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Lawmakers Trying To Expand Career-Ladder Pilot in Arizona

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Boosted by a recent study linking Arizona's career-ladder program for teachers to higher student achievement, some state lawmakers are trying to expand the five-year-old pilot program.

The career-ladder program currently operates in 14 school districts. It provides additional state funding to the districts, which have been allowed to create their own programs within certain guidelines.

In each district, teachers are assigned to a career level based on competency and performance criteria, and are given larger salaries when they progress to a higher level. Teachers at the higher levels are encouraged and expected to play a larger role in mentoring other teachers and in curriculum development.

The program has the backing of the Arizona Education Association.

A bill approved by the House education committee would allow 30 additional districts to join the program by the 1994-95 school year.

A Senate-passed bill, however, would make the project a permanent program, but would not expand it. The authorization for the current program expires this year.

The House bill also faces a major obstacle in the state's continuing fiscal crisis. Since the beginning of the legislative session, lawmakers have been grappling with ways to eliminate the state deficit, which is projected to be between $300 million and $400 million.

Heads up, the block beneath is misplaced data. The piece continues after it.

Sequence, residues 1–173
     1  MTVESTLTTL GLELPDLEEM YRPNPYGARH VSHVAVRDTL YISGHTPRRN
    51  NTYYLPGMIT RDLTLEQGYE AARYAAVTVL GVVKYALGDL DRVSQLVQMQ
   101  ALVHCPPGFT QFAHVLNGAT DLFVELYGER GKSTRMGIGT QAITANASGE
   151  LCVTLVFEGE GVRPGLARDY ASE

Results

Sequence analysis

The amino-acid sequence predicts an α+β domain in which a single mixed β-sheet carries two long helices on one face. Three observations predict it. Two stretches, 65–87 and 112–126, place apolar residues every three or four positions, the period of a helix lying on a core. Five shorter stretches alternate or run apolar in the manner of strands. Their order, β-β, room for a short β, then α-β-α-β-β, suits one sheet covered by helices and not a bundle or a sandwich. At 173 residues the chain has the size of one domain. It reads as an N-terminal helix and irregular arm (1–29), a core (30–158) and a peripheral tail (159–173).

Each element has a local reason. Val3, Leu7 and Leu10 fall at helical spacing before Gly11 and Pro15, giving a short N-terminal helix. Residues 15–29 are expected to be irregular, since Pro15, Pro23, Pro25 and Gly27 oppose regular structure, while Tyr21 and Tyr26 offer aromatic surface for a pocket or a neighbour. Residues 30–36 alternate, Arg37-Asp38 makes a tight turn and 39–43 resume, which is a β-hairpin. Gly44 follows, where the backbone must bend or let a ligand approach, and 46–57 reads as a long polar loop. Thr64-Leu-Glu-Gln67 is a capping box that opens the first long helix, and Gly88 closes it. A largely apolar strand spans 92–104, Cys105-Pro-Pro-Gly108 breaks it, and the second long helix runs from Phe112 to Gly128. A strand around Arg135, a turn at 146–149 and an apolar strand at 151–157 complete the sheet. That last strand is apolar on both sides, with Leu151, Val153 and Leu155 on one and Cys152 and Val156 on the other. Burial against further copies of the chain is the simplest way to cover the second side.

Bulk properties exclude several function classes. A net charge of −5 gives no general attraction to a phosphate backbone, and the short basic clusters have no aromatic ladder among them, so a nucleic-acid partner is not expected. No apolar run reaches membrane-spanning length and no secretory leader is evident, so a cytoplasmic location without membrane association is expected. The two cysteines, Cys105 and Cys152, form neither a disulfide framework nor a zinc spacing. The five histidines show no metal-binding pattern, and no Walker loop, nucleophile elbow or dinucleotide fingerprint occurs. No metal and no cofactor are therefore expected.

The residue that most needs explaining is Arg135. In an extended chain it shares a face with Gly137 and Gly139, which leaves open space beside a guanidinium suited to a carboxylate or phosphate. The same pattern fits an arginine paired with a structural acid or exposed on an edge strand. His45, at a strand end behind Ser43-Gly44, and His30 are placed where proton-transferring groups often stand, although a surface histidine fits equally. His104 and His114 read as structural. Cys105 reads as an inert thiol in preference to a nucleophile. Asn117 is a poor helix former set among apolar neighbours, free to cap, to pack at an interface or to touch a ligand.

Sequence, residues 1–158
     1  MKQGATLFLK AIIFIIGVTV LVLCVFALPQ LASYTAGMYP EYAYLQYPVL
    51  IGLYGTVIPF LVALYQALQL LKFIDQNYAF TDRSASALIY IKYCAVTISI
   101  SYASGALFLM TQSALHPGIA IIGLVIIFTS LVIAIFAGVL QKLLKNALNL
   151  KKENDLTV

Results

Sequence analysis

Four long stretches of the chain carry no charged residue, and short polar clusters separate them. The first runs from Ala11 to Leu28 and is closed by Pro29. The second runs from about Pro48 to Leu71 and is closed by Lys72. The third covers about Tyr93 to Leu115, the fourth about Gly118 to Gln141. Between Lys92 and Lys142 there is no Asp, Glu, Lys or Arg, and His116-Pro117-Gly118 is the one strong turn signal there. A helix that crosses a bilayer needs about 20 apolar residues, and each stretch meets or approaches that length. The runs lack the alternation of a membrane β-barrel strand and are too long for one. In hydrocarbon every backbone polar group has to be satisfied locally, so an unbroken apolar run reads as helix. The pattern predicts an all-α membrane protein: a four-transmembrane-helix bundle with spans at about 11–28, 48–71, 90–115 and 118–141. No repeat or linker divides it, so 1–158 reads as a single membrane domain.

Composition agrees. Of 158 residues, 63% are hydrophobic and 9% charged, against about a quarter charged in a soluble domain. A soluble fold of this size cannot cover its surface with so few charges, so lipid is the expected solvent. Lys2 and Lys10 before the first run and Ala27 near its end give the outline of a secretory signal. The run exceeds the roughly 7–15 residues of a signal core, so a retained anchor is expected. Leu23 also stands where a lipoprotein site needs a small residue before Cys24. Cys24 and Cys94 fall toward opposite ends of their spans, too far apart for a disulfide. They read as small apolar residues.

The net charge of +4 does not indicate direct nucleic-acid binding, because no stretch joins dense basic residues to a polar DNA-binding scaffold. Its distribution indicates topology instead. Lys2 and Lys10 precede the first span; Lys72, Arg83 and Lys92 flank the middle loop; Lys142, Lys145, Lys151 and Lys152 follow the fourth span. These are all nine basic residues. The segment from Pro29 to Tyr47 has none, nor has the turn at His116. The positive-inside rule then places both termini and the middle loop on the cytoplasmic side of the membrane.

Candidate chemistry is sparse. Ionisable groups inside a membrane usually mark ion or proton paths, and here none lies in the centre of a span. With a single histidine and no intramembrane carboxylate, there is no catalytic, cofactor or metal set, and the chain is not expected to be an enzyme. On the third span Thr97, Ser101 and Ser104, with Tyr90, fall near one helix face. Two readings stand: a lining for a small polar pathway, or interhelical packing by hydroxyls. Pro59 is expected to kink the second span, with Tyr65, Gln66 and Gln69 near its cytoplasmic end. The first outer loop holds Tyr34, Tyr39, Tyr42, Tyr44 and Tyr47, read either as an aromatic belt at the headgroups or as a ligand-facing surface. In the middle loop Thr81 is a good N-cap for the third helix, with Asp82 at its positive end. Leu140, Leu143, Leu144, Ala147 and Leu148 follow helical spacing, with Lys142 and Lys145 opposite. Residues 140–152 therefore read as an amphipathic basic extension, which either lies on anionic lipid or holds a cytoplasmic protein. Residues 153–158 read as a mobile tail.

Although no new fiscal plan has been adopted by any legislative committee, aides said that lawmakers are considering both tax increases and spending cuts to balance the budget.

Current education spending, observers said, would probably be exempt from any cuts. But legislators will be chary of taking on new costs by expanding the career-ladder program, they added.

Those favoring expanding the career-ladder program said their hand was strengthened by a recent report that found a "definite increase" in student achievement after the program was introduced.

The study by researchers from Arizona State University noted that student-achievement levels were already higher in the seven districts that initially took part in the program than in a comparison group of districts. But the gap between the districts widened after the project was launched in the 1985-86 school year, the study concluded.

Louann A. Bierlein, the assistant director of education studies at the Morrison Institute for Public Policy at asu, said she believes the legislature may vote to expand the program because the new participants would not be eligible to receive any additional money for two years.

Under the House bill, participating districts must spend at least a year, without additional funds, planning their program.

By the 1992-93 school year, she said, the state is likely to have solved its fiscal problems. "Most people think there will be money by then," she said.

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